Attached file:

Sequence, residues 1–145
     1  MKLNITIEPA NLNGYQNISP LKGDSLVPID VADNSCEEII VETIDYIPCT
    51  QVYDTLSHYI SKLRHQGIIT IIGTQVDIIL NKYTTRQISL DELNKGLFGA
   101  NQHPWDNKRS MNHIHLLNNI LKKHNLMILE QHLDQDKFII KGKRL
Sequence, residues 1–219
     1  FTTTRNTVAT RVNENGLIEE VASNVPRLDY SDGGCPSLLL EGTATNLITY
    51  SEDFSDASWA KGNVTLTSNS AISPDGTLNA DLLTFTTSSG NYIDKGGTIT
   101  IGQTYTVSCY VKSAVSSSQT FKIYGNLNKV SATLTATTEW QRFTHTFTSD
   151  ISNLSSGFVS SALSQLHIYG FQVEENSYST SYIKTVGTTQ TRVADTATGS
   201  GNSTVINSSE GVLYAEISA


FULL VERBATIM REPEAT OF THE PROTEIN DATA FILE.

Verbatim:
Sequence, residues 1–145
     1  MKLNITIEPA NLNGYQNISP LKGDSLVPID VADNSCEEII VETIDYIPCT
    51  QVYDTLSHYI SKLRHQGIIT IIGTQVDIIL NKYTTRQISL DELNKGLFGA
   101  NQHPWDNKRS MNHIHLLNNI LKKHNLMILE QHLDQDKFII KGKRL
Sequence, residues 1–219
     1  FTTTRNTVAT RVNENGLIEE VASNVPRLDY SDGGCPSLLL EGTATNLITY
    51  SEDFSDASWA KGNVTLTSNS AISPDGTLNA DLLTFTTSSG NYIDKGGTIT
   101  IGQTYTVSCY VKSAVSSSQT FKIYGNLNKV SATLTATTEW QRFTHTFTSD
   151  ISNLSSGFVS SALSQLHIYG FQVEENSYST SYIKTVGTTQ TRVADTATGS
   201  GNSTVINSSE GVLYAEISA